Monday, June 13, 2011

The Perennial Tea at Tabard Inn

The 2011 RAMMY Awards nominations for cocktails are out so I thought I would check out the finalists. In no particular order I have set out to give them all a try. My first stop was at Bourbon Steak where I reviewed "Is He Sharpe?". The DC cocktail tide then swept me to ChurchKey to put "Alewife" to the test. Next on the list was the "Perennial Tea" at Tabard Inn.

For those who are new to the District (or have been living under a rock), the Tabard Inn is quintessential DC. Since 1922 it has been serving guests and today it is both a 40-room boutique hotel and popular restaurant that offers one of the best DC experiences in the Dupont Circle neighborhood. As you walk in you revisit a forgotten time surrounded by dark wood, Victorian furniture and the nostalgia of classic Washington. Its secluded outdoor patio is a wonderful escape from the city buzz. During the winter it's a warm refuge from the cold with its crackling fireplaces and cozy corners.

Shortly after the Tabard Inn opened it became popular for tea parties by various women’s organizations, so the Perennial Tea is a cocktail that comes full circle. It consists of dandelion tea, Plymouth gin, French and Italian vermouths, Gran Classico Bitter, orange peel, a lemon wheel, and a sprig of rosemary. Amber-colored and served in a teacup it had a dainty appeal, definitely not the sexiest of cocktails but I liked the creativity.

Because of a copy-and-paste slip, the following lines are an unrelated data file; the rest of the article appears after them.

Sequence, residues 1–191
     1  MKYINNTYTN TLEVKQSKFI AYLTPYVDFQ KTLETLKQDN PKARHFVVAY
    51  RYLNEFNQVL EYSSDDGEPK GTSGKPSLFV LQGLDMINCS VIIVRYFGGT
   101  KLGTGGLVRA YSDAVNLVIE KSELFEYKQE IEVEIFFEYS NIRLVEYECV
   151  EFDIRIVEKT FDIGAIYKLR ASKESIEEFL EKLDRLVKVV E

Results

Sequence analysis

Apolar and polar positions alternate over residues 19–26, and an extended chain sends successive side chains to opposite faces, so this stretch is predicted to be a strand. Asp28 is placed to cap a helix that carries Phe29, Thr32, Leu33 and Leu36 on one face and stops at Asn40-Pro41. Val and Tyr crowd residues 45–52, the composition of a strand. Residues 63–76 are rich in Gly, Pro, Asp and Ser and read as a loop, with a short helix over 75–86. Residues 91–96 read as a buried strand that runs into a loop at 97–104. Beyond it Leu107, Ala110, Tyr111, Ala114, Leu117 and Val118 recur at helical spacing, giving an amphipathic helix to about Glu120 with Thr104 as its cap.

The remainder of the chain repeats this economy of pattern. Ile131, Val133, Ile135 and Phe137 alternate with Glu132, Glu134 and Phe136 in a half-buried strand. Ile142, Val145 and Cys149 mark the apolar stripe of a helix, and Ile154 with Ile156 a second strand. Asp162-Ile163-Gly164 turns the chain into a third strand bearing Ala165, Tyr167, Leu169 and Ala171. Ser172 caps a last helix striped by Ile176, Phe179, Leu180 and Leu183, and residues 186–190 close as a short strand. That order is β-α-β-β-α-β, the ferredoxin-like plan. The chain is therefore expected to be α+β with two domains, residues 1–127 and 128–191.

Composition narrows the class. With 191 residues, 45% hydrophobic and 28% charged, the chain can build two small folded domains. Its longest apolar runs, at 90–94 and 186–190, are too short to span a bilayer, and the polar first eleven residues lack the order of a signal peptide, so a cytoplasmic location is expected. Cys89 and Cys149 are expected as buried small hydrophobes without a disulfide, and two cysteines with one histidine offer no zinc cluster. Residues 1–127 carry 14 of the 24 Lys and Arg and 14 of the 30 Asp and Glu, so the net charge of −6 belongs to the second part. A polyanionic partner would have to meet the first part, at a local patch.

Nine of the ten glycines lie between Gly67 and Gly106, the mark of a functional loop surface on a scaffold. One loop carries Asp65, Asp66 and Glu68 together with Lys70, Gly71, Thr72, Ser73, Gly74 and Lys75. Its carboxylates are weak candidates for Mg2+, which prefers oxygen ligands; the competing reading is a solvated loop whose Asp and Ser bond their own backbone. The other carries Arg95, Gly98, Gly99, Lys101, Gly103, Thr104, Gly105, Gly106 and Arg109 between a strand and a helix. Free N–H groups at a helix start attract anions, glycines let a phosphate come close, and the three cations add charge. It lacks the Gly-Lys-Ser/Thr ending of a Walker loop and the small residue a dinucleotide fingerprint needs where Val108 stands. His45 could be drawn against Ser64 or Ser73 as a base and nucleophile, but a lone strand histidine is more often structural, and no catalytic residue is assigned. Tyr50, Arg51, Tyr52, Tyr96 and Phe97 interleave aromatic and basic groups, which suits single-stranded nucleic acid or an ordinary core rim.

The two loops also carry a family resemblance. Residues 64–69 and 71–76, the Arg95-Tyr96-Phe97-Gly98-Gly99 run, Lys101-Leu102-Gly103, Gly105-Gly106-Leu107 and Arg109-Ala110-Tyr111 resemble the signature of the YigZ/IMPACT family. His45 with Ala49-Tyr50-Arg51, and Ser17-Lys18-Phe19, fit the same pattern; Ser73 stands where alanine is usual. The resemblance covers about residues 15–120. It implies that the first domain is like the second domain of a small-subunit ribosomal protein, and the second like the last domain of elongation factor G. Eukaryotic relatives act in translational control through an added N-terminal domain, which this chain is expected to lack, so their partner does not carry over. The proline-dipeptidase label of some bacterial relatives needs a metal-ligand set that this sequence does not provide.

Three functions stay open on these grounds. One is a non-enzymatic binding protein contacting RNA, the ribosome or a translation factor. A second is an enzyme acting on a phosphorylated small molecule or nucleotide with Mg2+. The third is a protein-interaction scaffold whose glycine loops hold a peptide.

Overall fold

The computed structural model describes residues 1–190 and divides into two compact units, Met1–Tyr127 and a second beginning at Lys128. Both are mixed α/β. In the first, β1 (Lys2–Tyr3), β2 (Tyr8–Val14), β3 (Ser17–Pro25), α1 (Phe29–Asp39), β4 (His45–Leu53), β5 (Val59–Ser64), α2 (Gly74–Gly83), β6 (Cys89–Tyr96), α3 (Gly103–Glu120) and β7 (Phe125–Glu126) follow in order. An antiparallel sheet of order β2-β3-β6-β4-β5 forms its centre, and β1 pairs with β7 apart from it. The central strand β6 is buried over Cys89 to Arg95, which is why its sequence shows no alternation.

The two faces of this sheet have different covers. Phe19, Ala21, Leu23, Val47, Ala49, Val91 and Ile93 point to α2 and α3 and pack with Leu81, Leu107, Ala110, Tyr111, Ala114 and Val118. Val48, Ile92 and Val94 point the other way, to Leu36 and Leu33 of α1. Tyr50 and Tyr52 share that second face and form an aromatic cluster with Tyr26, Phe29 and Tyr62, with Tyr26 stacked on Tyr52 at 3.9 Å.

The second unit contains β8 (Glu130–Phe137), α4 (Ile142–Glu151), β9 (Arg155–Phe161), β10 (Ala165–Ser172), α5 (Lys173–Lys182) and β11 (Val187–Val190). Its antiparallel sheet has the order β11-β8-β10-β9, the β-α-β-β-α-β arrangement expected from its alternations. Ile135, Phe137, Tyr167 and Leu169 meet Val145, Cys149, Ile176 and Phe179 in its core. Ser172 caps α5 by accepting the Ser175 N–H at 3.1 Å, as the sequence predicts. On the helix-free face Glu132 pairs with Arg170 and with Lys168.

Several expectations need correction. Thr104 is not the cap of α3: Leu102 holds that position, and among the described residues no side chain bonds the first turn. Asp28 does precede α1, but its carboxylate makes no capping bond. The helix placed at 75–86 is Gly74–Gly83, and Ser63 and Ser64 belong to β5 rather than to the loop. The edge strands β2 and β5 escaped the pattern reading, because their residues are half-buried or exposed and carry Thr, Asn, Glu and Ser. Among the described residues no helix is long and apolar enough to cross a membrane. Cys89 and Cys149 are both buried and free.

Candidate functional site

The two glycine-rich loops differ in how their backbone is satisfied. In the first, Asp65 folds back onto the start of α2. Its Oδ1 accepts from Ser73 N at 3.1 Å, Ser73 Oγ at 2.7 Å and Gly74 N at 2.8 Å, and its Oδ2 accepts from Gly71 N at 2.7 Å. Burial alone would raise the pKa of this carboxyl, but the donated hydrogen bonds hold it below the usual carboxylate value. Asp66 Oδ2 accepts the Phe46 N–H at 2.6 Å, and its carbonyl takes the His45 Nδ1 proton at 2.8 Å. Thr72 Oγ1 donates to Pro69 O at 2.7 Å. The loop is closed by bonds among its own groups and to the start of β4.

The first thing I noticed was its intense aroma of forest with the piney rosemary and woody Gran Classico accompanied by the citrus, bringing me to memories of European Christmas markets. At first sip the intense Grand Classico Bitter asserted itself as the dominant flavor, tempered only slightly by the milder vermouths and lemon. Initially, I found the Perennial Tea to be a swath of complex flavors that had trouble fitting together. It was reminiscent of a Negroni with the addition of floral and citrus notes, but was off as the bitter Gran Classico accompanied by bitter dandelion tea finished with dry vermouth brought the flavors to a screeching halt on the palate.

As the ice melted and the cocktail "aged" the more nuanced flavors began to emerge. The sweet gin finally bobbed up from a bitter deep-sea dive accompanied by certain subtle, earthy notes of caramel. When the condensed flavors broke down it had a very warming appeal but still lacked a brightness to balance out the bitterness. Overall, it sought to challenge one's palate but may have gone too far in that the bitter components greatly overshadowed the other more delicate ingredients.

This cocktail seemed more appropriate as a seasonal drink rather than a “perennial” menu item - something to put on hold for when the Tabard Inn has its fireplaces aflame and St. Nick is making his list.

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